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Thread: Nature Loss 'to Damage Economies'

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    Mad Nature Loss 'to Damage Economies'

    "The truth is we need it more than ever on a planet of six billion heading to over nine billion people by 2050."
    It makes me so mad - everything else is in decline and on the verge of extinction, and yet humans (well - not Europeans anyway, mainly the blacks, hispanics and others who seem to breed like rabbits) just increase and increase. It's disgusting. What makes me even more mad, is organisations who raise money for vaccination programmes in africa etc. One which springs to mind is one by 'pampers' (i don't know who makes them, probably unilever or proctor & gamble) where when you buy one of their products, they pay for one vaccination. (needless to say, i avoided buying any of their products!) These idiots don't think about the consequences of this. We all know that the world population (esp africa) has gotten out of control, and how it puts pressure on resources, leads to deforestation, land degradation, increased poverty etc, and yet, many of the charities still try to promote this crap. When will they realise??!Nature has its own ways of keeping the population down, but they're going against this. No wonder africa has so many problems...

    And no mention is made to the role of asians. I'd say they're responsible for the demise of tigers,rhinos and elephants, due to their demand for the various parts for their damn "medicine" as they call it, and of course, the blacks are only too happy to slaughter these magnificent creatures, leaving them to die, for their greed, and because some pathetic little mongoloid can't get an erection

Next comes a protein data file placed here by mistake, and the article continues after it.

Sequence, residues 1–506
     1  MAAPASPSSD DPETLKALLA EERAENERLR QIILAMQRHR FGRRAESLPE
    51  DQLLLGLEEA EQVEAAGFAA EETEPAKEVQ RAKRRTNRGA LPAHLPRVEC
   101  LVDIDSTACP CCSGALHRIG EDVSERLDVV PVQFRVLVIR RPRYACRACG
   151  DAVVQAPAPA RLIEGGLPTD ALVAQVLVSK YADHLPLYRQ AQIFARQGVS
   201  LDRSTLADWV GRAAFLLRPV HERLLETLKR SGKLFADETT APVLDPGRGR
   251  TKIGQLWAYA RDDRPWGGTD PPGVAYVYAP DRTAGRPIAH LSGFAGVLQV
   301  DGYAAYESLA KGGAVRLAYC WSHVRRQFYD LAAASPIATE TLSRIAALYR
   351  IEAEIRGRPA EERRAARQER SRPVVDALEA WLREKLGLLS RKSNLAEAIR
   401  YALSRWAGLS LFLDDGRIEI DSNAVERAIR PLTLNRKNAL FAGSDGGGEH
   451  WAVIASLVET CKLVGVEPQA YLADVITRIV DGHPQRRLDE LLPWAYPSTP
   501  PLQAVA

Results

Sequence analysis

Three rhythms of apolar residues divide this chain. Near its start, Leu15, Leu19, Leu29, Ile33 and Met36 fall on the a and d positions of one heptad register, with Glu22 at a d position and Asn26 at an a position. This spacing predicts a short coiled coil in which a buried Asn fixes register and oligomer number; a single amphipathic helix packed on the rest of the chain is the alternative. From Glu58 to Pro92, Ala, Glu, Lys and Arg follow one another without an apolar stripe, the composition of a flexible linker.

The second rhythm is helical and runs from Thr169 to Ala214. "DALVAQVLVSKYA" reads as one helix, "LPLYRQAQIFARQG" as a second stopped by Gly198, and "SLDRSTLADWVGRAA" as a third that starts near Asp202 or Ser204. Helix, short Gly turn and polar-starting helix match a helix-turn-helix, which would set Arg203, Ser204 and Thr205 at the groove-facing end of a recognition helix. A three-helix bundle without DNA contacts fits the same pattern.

The Earth's ongoing nature losses may soon begin to hit national economies, a major UN report has warned.

    The third Global Biodiversity Outlook (GBO-3) says that some ecosystems may soon reach "tipping points" where they rapidly become less useful to humanity.

    Such tipping points could include rapid dieback of forest, algal takeover of watercourses and mass coral reef death.

    Last month, scientists confirmed that governments would not meet their target of curbing biodiversity loss by 2010.


    "The news is not good," said Ahmed Djoglaf, executive secretary of the UN Convention on Biological Diversity (CBD).

    "We continue to lose biodiversity at a rate never before seen in history - extinction rates may be up to 1,000 times higher than the historical background rate."

    The global abundance of vertebrates - the group that includes mammals, reptiles, birds, amphibians and fish - fell by about one-third between 1970 and 2006, the UN says.